Call to recognise Indigenous skills of early educators
Better recognition of a person's Aboriginal culture is important to encouraging and developing greater Indigenous representation in the early childhood workforce, a royal commission has been told.
South Australia's Commissioner for Aboriginal Children and Young People April Lawrie said it was one thing for people to gain the necessary qualifications to work effectively in the sector.
But she said it was another matter to have the unique skills that come with a person's cultural background.
Ms Lawrie said it was also important those skills were specifically recognised as they had been in other areas, including health.
"It's open to anyone to get a qualification at university in early childhood education and expect that person to be equipped to work with Aboriginal children and their families," she told SA's Royal Commission into Early Childhood Education and care on Monday.
"That is a lot different to an Aboriginal person who has got those qualifications in early childhood education but also has knowledge and skills about how you work with the child and with their family.
"(It's) about how you build their confidence and their learning about who they are as an Aboriginal child in the 21st century with 60,000 years of culture and history behind you."
The royal commission is examining the wider provision of early childhood education across South Australia.
In a draft report earlier this year, commissioner Julia Gillard recommended universal preschool be extended to all SA's three-year-olds.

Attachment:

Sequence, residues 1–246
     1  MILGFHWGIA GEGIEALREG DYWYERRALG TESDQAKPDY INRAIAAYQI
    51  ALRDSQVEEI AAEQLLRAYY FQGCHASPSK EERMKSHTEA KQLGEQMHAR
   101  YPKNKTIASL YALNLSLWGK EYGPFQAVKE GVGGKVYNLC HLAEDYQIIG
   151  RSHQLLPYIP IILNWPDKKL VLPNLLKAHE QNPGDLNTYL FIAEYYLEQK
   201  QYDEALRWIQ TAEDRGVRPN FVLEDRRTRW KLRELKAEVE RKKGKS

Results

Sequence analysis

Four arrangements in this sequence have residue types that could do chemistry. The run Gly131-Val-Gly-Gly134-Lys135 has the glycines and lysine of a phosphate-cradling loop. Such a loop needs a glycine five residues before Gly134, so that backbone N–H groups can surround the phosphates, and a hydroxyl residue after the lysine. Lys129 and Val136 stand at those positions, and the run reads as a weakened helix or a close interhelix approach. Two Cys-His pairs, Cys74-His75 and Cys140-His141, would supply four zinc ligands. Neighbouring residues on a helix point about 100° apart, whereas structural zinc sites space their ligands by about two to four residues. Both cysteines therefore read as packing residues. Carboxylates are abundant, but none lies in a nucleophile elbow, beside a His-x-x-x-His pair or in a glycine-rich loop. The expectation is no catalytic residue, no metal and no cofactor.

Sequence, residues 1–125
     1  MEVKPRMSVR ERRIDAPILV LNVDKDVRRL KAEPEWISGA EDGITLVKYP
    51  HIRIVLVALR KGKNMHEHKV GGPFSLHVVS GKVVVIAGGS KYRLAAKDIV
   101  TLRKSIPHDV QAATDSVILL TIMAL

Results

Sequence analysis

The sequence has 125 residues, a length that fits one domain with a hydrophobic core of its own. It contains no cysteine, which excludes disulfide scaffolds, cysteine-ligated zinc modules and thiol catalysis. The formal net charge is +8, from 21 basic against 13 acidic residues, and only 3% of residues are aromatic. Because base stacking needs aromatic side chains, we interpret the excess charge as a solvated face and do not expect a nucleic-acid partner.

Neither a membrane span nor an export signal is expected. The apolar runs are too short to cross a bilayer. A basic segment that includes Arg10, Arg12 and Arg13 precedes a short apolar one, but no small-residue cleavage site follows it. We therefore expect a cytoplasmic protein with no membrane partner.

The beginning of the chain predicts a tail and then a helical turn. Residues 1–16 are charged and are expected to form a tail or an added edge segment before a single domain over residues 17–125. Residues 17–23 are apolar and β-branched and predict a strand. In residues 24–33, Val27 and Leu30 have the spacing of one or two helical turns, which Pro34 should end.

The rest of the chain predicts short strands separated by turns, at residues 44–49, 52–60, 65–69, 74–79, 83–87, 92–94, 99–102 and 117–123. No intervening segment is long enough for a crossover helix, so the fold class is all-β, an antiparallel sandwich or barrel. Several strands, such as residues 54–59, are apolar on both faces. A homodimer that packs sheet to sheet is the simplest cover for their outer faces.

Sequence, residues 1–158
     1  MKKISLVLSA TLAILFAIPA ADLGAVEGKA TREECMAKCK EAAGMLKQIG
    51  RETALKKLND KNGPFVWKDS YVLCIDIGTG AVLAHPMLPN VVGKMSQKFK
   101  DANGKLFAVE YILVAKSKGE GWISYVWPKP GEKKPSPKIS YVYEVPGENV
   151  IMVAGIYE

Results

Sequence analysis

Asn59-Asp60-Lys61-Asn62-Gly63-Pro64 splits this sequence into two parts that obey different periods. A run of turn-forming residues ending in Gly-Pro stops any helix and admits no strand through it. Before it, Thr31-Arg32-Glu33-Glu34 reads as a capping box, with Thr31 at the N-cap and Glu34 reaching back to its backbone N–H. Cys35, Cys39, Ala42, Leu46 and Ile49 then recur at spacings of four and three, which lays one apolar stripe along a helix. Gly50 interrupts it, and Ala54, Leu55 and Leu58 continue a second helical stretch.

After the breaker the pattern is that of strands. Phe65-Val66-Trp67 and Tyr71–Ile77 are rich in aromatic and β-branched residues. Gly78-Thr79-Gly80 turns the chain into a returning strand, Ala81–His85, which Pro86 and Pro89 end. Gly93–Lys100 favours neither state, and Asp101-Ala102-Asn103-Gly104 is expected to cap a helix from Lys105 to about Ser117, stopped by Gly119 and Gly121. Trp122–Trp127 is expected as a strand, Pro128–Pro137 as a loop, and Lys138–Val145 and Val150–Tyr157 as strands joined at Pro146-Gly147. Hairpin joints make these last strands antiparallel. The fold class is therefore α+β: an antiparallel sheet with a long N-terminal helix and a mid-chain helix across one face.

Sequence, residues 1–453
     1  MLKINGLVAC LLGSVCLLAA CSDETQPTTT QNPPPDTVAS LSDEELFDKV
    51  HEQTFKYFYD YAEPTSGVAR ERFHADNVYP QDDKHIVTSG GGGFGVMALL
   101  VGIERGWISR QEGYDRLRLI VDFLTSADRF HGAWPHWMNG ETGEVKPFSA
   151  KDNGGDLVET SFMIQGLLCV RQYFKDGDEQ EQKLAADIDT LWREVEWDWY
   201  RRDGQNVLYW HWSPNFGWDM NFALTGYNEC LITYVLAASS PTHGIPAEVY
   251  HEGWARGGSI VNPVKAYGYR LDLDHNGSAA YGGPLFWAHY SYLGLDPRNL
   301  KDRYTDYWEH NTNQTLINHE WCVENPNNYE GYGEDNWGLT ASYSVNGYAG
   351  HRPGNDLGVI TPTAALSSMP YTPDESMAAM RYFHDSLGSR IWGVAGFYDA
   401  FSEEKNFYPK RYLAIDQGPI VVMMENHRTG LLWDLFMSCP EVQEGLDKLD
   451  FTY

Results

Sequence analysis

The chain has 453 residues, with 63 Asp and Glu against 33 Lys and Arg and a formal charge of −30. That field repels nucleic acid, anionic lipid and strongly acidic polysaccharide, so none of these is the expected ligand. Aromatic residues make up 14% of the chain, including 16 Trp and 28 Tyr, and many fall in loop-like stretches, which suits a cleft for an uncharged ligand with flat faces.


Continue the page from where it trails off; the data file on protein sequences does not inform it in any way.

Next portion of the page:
The former prime minister urged SA to take the lead in early education through a program to begin in 2026 and be fully implemented by 2032.
Ms Gillard called for three-year-olds to be provided with 15 hours of preschool for 40 weeks a year, similar to what is offered to four-year-olds.
That could be through government schools and also through private early learning centres and long daycare facilities, depending on the model adopted.
"I do believe that as a caring state, South Australians feel that we have a moral obligation to make sure every child has the best opportunity, to grow and learn and thrive," Ms Gillard said.
"The research tells us crystal clear that intervention in the early years can make the biggest difference."
Ms Gillard's report found up to 11,130 new preschool places would need to be created at a capital cost of up to $139 million.
Extra ongoing funding to support the system once fully operational was put at between $121m and $357m, with between 1497 and 2180 more staff needed in form of teachers, educators and directors.
The commissioner will hand down her final report in August.